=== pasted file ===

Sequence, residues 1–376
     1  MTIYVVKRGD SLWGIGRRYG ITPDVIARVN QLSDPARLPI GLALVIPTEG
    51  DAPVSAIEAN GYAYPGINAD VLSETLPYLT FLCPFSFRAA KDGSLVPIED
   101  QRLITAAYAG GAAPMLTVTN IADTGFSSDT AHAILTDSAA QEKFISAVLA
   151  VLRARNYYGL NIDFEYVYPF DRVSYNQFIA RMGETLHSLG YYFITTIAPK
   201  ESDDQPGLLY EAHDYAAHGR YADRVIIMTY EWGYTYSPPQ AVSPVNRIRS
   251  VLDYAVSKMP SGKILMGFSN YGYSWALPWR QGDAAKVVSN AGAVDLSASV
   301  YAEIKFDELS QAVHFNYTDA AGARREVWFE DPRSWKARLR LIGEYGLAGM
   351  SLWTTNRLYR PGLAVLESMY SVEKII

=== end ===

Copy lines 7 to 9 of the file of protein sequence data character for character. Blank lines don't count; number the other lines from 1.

   251  VLDYAVSKMP SGKILMGFSN YGYSWALPWR QGDAAKVVSN AGAVDLSASV
   301  YAEIKFDELS QAVHFNYTDA AGARREVWFE DPRSWKARLR LIGEYGLAGM
   351  SLWTTNRLYR PGLAVLESMY SVEKII